The Earthen Buildings of Hakkas(1)
The earthen buildings of Hakkas are considered a wonder of oriental architecture. Spread around Yongding, in the west of Fujian Province , there are 4,000 square buildings and 360 round ones, which are quite breathtaking. The buildings usually are formed as two or three circles. The outer circle can be as high as 10 meters (31 feet) and its four stories may hold between one and two hundred rooms. The kitchen and dining room will be found on the first or ground floor. The second floor is used as warehousing, and the third and fourth floors contain the bedrooms. The inner circle is 2-storied with 30 to 50 rooms which function as a guesthouse. In the middle is a rectangle hall, a public place for the several hundred inhabitants.
Chinese ancestors thought the sky was round and the earth square. So, round and square buildings are representative of the sky and the earth. Round also implies unification and perfection, which is a foremost ideal of Chinese people.
The earthen buildings known as tu lou are made of rammed earth and timber with neither concrete nor steel. A Hakka saying has it that one bowl of rammed earth is worth a bowl of meat. The main material is a mixture of fine laterite, fine sand from the river, silt from the bottom of paddy fields and even re-cycled ancient wall mud. After these materials are thoroughly mixed together, quality brown sugar, whisked egg white and the strained liquid from sticky rice soup are added and a new turn of mixing begins. The resultant material is then used for the earthen buildings. The ingenious Hakkas use this method to compensate for the lack of raw materials normally used for building.
As well as providing a defense from enemies, the tu lou has the following advantages: quakeproof, fireproof, theft proof, good ventilation and day lighting. Also due to their thickness, the earthen walls help to provide thermal insulation and preservation, which makes the building warm in winter and cool in summer.
The Influence of Ba Gua
Originally, the Hakkas came from central China and were influenced profoundly by traditional Chinese culture. Earthen buildings were created using the ba gua (Eight Trigrams) theory, more widely known in the West as Feng Shui, which was thought to be the essence of ancient Chinese culture. From a more practical point of view, as the Hakkas usually lived in barren and remote hilly environments, they needed to defend themselves from wild animals as well as other clans.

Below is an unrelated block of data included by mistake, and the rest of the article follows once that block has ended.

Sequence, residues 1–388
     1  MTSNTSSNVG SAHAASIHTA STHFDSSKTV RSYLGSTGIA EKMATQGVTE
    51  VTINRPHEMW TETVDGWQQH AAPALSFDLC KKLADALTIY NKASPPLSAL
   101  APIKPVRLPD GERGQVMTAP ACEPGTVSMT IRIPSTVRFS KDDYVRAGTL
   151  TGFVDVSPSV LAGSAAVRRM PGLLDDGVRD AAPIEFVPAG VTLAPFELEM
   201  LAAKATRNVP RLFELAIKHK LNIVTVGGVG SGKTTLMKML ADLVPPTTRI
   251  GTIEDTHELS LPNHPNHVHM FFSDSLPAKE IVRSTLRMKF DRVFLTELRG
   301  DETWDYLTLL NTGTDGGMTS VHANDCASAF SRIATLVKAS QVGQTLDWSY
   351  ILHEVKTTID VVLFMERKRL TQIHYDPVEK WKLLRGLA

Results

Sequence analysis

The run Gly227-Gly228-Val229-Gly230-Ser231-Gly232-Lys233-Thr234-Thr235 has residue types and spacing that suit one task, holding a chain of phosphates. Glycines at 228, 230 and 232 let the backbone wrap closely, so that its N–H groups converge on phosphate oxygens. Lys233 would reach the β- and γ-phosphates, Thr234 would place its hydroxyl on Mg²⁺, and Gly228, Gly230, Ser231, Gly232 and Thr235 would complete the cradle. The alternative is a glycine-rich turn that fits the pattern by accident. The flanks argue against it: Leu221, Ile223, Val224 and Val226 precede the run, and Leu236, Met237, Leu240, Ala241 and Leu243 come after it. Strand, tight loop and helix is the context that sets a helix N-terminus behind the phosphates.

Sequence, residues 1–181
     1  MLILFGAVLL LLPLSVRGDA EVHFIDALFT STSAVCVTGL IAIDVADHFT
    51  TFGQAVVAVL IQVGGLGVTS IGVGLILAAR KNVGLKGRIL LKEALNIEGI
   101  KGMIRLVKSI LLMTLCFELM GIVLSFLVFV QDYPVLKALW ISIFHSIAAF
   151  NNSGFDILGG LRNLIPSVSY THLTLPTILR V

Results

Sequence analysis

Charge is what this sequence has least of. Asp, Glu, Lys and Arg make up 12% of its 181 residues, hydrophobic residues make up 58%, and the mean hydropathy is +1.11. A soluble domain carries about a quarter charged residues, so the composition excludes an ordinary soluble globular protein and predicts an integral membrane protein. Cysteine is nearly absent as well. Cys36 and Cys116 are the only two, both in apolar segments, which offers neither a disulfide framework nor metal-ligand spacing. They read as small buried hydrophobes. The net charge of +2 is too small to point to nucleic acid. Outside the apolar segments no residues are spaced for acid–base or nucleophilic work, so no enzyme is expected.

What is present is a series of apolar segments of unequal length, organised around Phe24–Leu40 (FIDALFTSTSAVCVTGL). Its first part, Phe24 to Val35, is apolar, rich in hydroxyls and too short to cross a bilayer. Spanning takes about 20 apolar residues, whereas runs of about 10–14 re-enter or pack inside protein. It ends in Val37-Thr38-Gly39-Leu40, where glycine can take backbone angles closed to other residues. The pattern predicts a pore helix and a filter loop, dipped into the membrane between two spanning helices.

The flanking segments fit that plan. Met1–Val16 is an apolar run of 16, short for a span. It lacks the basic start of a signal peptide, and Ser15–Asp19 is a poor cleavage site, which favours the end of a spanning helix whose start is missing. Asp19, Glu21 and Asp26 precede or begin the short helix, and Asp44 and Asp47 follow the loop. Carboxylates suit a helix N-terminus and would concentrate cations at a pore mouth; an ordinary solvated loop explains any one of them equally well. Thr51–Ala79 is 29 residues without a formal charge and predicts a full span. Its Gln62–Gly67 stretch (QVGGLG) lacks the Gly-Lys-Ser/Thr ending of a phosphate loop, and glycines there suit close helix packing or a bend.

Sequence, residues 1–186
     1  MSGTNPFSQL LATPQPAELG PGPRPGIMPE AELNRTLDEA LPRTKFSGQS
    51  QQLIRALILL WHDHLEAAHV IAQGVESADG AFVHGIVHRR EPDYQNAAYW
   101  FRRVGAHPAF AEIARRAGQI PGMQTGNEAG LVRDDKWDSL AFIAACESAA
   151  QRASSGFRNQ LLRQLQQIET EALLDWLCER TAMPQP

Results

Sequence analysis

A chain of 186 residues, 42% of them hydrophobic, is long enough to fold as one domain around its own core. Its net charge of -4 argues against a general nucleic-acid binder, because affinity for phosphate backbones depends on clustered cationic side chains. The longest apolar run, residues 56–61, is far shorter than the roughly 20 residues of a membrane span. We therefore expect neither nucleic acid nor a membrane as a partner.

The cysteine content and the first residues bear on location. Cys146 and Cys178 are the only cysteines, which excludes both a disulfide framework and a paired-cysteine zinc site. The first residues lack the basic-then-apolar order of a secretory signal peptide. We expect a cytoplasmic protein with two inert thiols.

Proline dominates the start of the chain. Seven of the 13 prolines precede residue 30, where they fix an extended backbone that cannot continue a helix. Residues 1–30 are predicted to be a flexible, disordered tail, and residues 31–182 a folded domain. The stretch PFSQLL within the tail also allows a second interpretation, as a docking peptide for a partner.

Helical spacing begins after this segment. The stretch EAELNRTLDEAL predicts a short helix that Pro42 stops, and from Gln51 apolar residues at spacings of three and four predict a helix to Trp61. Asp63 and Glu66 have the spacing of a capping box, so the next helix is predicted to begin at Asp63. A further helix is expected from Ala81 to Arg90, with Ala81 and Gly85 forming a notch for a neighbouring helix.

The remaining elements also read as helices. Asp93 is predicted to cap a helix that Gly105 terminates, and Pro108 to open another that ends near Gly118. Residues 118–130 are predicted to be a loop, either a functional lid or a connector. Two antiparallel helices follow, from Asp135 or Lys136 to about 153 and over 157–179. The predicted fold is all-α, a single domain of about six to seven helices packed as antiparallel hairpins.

Highlight of Earthen Buildings
In 1986 China Post issued a set of stamps featuring Chinese dwellings and the representative of these unique Fujian dwellings is the Chengqi Building in Gaobei Village, Gaotou Town, Yongding. Known as the King of Earthen Buildings, Chengqi Building was created by three generations over a period of some 50 years.
This complex of four stories and four circles won fame by its grand and classic architectural style. The base of the wall is 3 meters (9.8 feet) thick and from the lower to the upper the width diminishes from 1.5m (4.9 feet) to not less than 0.9 meters (3.0 feet). There are 72 rooms on each story. In the center of the building lies a rectangle ancestral hall. The configuration conforms with the ancient Chinese idea of a round sky and a square earth.
In Splendid China in Shenzhen, Guangdong, a miniature representation of Chengqi Building stands with dignity among other Chinese architectural wonders.
Hakkas, the Owner of Earthen Buildings
Hakka, literally, means 'guest' in Chinese. They are not an ethnic group like the Tibetans or Mongolians. Their nationality is Han. The ancestors of Hakkas used to live in central China and were forced to move southward due to wars, famine and political reasons.
There were 5 major migrations:
From the end of the Han Dynasty to Jin Dynasty, Han people crossed the Yangtze River to avoid wars.
From the East Jin to the Five Dynasties, Han people moved further south from the Yangtze River.
During the Southern Song Dynasty when the Mongolians spread rapidly southwards and the Song moved their capital to Hangzhou, the Hakkas moved from Fujian and Jiangxi to the north and east of Guangdong.
At the end of the Ming Dynasty as the Mandarin army and farmers' uprising were rampant, Hakkas moved on to central Guangdong and coastal area, also to Sichuan, Guangxi, Hunan and Taiwan with a minority going to southern Guizhou.
During the reign of the Qing Emperor Tongzhi (1862-1874), Hakkas moved on to Hainan, Taiwan, Hong Kong, Macau, South-eastern Asia and even to Europe and America as a consequence of the Taiping Tianguo uprising.
Over their long history, Hakkas have formed their own unique culture. They adhere to Confucianism and give importance to education. Often referred to as the Jews of China, Hakkas excel in many fields from academe to politics and commerce. They are spread around the world and especially in South-east Asia. Notable figures include Deng Xiao Ping, the chief designer of the opening-up and reform of modern China, Li Ka-Shing, a Hakka from Chaozhou, Guangdong Province, is the Asia's richest and most powerful man and No. 22 in the list of the World's Richest People 2005, according to Forbes. Lee Kuan-Yew, the former prime minister of Singapore, also is Hakka.
No direct bus is available from Xiamen to Yongding. A better solution would be to hire a car or a minivan.